Recently, museums have started paying much more attention to their cultural and social geography by bringing the concept of “local” to the forefront of exhibitions, educational programs and even museum shops. Museum of Brisbane, located in the heart of the capital of Queensland in Australia, is a great example. Originally opened in 2003 it was renovated in 2013 and currently occupies the special gallery on the top of the newly restored Brisbane City Hall, an important heritage building.

Museum of Brisbane is an institution exploring the living history of the city examining how it changes over time through individuals and communities. It is the belief and never-ceasing interest in citizen’s stories that inspires the vision of the museum. Museeum talked to Christopher Salter, the Museum of Brisbane Deputy Director, about their museum shop which strongly supports creativity and encourages the dialogue with local artistic community.

©Museum of Brisbane
©Museum of Brisbane

It seems like today a lot of museums are rethinking the concept of a museum shop, offering it as a platform for young creative individuals to exhibit and sell their designs. Why did the Museum of Brisbane support this idea for its new shop?

Museum of Brisbane is focused on discovering the people, the places and stories of Brisbane. The museum shop builds on this mission by featuring local artisans, and pieces inspired by our city’s landscape, iconography and narratives. Many artists we stock have created works that stem from a personal connection to a piece of our city, so much like there are many stories behind each exhibition, there are many stories behind the pieces in the Museum shop.

How are curatorial ideas behind exhibitions and collection reflected in the museum shop display?

In addition to featuring local artists, the Museum designs a small product range to accompany each exhibition. Each range uses imagery from the exhibition, and may include pieces such as prints, cotton voile scarves, playing cards, post cards and linen tea towels.

How do you think the museum shop enriches the exhibition experience?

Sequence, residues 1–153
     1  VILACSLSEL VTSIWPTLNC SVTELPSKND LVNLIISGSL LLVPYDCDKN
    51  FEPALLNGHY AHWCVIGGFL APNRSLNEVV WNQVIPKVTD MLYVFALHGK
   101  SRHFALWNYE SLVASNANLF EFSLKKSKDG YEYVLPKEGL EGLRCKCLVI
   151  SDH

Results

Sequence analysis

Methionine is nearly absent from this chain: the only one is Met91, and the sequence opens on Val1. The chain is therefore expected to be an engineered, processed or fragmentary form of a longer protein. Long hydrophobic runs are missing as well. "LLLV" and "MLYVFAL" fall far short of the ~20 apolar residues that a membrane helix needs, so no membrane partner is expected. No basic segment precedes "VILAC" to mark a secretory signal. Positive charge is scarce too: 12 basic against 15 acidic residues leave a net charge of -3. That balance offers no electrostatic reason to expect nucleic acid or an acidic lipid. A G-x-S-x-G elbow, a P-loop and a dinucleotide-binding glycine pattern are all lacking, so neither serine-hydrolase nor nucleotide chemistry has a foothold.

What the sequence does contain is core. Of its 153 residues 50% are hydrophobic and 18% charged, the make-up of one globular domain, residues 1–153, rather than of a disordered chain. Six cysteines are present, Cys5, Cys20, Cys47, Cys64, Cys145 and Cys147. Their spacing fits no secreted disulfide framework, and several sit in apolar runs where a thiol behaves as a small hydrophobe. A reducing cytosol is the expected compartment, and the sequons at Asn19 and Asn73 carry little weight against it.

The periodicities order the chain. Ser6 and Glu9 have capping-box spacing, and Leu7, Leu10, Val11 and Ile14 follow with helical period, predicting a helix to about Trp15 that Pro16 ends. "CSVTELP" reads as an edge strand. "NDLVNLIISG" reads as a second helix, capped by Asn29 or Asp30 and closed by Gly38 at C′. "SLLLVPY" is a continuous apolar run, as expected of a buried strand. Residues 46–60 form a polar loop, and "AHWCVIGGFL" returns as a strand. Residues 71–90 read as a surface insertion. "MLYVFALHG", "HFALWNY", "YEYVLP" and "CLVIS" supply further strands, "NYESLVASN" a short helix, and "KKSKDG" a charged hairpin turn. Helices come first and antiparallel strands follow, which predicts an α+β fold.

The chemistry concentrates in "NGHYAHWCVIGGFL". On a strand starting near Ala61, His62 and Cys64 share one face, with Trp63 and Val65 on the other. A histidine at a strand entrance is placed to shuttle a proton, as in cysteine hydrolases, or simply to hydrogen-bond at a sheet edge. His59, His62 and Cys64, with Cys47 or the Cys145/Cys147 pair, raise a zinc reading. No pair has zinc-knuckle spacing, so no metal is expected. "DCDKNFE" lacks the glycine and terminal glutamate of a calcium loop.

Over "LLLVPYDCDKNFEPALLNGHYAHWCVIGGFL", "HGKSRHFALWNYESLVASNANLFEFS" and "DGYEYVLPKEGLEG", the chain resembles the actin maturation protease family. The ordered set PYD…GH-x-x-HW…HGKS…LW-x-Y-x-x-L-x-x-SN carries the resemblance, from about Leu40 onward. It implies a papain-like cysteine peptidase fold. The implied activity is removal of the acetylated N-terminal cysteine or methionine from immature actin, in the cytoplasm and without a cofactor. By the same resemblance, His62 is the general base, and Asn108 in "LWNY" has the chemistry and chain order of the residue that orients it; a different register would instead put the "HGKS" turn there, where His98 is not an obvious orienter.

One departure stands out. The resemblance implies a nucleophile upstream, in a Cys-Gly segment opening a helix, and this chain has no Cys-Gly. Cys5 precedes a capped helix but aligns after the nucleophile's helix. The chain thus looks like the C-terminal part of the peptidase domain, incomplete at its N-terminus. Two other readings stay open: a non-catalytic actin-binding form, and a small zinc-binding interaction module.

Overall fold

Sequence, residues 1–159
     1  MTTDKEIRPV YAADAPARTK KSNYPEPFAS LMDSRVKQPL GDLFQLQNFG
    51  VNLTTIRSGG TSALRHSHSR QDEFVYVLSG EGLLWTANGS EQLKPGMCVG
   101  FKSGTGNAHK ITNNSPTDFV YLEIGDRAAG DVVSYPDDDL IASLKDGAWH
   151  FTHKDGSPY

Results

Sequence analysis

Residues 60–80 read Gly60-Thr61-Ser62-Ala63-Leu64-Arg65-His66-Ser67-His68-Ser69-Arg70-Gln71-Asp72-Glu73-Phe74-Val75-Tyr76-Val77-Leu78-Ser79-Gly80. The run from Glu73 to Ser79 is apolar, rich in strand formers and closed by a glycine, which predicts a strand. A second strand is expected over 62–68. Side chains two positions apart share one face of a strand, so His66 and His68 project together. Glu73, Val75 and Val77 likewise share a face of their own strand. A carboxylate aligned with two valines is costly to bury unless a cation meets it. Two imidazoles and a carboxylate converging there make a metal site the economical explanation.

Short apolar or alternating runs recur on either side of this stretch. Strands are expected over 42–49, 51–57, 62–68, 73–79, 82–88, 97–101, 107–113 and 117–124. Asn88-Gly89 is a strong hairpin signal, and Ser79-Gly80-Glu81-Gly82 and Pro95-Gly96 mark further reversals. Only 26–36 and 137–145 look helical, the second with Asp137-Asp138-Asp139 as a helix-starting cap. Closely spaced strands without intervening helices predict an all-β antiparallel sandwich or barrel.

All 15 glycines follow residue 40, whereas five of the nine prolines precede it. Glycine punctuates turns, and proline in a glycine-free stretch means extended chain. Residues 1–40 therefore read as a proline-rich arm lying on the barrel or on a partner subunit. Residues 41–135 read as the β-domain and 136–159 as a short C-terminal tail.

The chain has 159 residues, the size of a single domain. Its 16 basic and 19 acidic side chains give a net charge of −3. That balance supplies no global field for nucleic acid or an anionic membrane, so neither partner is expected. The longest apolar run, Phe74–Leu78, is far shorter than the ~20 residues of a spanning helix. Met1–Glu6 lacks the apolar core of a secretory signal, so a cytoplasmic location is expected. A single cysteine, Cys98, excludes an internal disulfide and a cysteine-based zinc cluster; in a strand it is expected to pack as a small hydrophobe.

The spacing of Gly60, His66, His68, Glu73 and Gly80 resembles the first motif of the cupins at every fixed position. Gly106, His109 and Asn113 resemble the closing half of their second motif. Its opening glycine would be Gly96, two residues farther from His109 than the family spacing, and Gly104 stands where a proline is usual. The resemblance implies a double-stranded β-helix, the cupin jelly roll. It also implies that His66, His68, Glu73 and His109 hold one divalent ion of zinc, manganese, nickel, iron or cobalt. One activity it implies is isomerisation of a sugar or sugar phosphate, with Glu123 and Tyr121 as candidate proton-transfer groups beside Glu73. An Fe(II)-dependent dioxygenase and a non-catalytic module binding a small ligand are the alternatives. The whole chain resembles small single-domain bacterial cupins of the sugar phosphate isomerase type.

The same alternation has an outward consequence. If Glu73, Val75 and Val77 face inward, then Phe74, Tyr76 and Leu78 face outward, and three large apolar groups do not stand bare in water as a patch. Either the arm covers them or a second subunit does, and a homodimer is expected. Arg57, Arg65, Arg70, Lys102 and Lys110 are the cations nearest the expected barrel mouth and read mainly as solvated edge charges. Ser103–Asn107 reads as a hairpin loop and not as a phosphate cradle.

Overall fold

It’s really about being able to take a piece of the exhibition home with you. We’ve just seen the city fall in love with our exhibition Stephen Nothling: The last street in Highgate Hill, and every day visitors would ask for a memento to take with them. I think visitors also enjoying supporting the Museum through the shop, as all of our exhibitions are free.

Is the curatorial team of the museum involved in the selection process of the local designers?

The museum engages Independent Arts Management (iAM) to assist with our retail strategy and operations, but the selection process is a joint undertaking by iAM, the Museum’s directors, and the marketing and retail team.

Where do you find these emerging talents?

It’s a bit of a mix really. We do get a lot of people approach us about stocking their designs, and we also have a great team at the Museum that is always scouting for new designers and artists. Sometimes it’s serendipitous and we happen to stumble across someone at a local market or on Instagram.

Do you think that Brisbane design today is trying to reconnect with traditional local craftsmanship? Is regaining interest in arts and crafts of the region something you are trying to achieve with your museum shop concept?

Yes. We aim to gather unique items from each individual artist and crafts relating to Brisbane.

Are there any success stories how the Museum of Brisbane shop gave a great start for a future artistic career?

We like to think that being featured in the Museum shop provides a boost to all of our artisans, particularly to an international and intrastate audience. Well known local artist Stephen Nothling recently commented in a media article “you know you’ve made it when Museum of Brisbane makes a magnet out of your artwork”.

Can you tell us about your favorite designers from the museum shop whose items you took home or gave as gifts?

That’s a tough one! Each new delivery brings something unique and exciting, so it’s difficult to nominate a favorite as it changes all the time! The museum staff and I are definitely some of the shop’s best customers, for both gifts and for pieces we loved so much we had to take them home.

What are the design names from the Museum of Brisbane new additions we should be hunting for this season?

We are constantly on the lookout for the next designer names we can stock in the shop but some key ones to check out are Core, Bambambu, Liz Herber, Hoopoe Home and Row Faster George